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Protected member friend

P: n/a
MiG
Hello,

Consider the following code snippet:

class B
{
protected:
B() {}
~B() {}
};

class A
{
friend B:B();

public:
A() {}
~A() {}
};

Compiling this code produces the following error:
error C2248: 'B::B' : cannot access protected member declared in class 'B'
Why can I not give B's constructor privileged access to A?
Aug 10 '07 #1
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12 Replies


P: n/a
MiG wrote:
Hello,

Consider the following code snippet:

class B
{
protected:
B() {}
~B() {}
};

class A
{
friend B:B();
typo : =::
>
public:
A() {}
~A() {}
};

Compiling this code produces the following error:
>error C2248: 'B::B' : cannot access protected member declared in class 'B'
you got the error wrong
It means you can't access B::B within A(when you're granting friend),
because B::B is protected
>
Why can I not give B's constructor privileged access to A?
There are two ways to solve this

way 1:
class A;

class B
{
friend class A;
protected:
B() {}
~B() {}
};

class A
{
friend B::B();
public:
A() {}
~A() {}
};

//////////////////////////

way 2:

class B
{
public:
B() {}
~B() {}
};

class A
{
friend B::B();
public:
A() {}
~A() {}
};
Aug 10 '07 #2

P: n/a
Barry wrote:
MiG wrote:
>Hello,

Consider the following code snippet:

class B
{
protected:
B() {}
~B() {}
};

class A
{
friend B:B();

typo : =::
>>
public:
A() {}
~A() {}
};

Compiling this code produces the following error:
>>error C2248: 'B::B' : cannot access protected member declared in
class 'B'

you got the error wrong
It means you can't access B::B within A(when you're granting friend),
because B::B is protected
>>
Why can I not give B's constructor privileged access to A?

There are two ways to solve this
The first "way" is an unnecessarily complicated version of the
second "way", which means there is only one way - just grant the
friendship of 'A' to 'B::B()' and that's all.
>
way 1:
class A;
No need.
>
class B
{
friend class A;
No need either. Test it. When friendship is granted, access
is not required. If 'A' grants friendship to a function of 'B',
it does not have to have access to that function of 'B'.
protected:
B() {}
~B() {}
};

class A
{
friend B::B();
public:
A() {}
~A() {}
};

//////////////////////////

way 2:

class B
{
public:
B() {}
~B() {}
};

class A
{
friend B::B();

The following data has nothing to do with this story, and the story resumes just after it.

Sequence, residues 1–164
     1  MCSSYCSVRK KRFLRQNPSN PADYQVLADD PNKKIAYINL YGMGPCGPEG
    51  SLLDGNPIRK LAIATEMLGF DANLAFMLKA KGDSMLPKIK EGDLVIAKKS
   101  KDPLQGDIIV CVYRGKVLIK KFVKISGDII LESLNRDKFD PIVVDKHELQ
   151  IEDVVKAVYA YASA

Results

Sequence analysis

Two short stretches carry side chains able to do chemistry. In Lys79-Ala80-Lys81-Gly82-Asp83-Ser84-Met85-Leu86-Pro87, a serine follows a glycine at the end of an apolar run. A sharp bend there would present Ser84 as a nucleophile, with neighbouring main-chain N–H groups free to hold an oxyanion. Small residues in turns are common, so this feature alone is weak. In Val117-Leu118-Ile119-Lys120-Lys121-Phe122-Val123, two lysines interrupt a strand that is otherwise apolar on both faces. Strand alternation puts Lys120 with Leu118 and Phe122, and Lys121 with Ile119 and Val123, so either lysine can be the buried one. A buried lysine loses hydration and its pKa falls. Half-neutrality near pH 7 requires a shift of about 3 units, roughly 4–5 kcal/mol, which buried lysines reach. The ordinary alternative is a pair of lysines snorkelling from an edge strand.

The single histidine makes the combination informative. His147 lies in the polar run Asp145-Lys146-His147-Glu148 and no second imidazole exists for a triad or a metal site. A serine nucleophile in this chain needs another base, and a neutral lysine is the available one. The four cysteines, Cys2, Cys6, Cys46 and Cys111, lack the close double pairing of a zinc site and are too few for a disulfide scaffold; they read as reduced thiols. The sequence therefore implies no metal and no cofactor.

public:
A() {}
~A() {}
};
V
--
Please remove capital 'A's when replying by e-mail
I do not respond to top-posted replies, please don't ask
Aug 10 '07 #3

P: n/a
Victor Bazarov wrote:
Barry wrote:
>MiG wrote:
>>Hello,

Consider the following code snippet:

class B
{
protected:
B() {}
~B() {}
};

class A
{
friend B:B();
typo : =::
>>public:
A() {}
~A() {}
};

Compiling this code produces the following error:

error C2248: 'B::B' : cannot access protected member declared in
class 'B'
you got the error wrong
It means you can't access B::B within A(when you're granting friend),
because B::B is protected
>>Why can I not give B's constructor privileged access to A?
There are two ways to solve this

The first "way" is an unnecessarily complicated version of the
second "way", which means there is only one way - just grant the
friendship of 'A' to 'B::B()' and that's all.
>way 1:
class A;

No need.
>class B
{
friend class A;

No need either. Test it. When friendship is granted, access
is not required. If 'A' grants friendship to a function of 'B',
it does not have to have access to that function of 'B'.
Well, my compiler(msvc8.0) hates the program again

I try msvc6.0 and icl 9.1 both work
Aug 10 '07 #4

P: n/a
Hi!

Barry schrieb:
way 2:

class B
{
public:
B() {}
~B() {}
};

class A
{
friend B::B();
public:
A() {}
~A() {}
};
In this case you wouldn't need "friend" at all, would you?

Frank
Aug 10 '07 #5

P: n/a
Frank Birbacher wrote:
Hi!

Barry schrieb:
>way 2:

class B
{
public:
B() {}
~B() {}
};

class A
{
friend B::B();
public:
A() {}
~A() {}
};

In this case you wouldn't need "friend" at all, would you?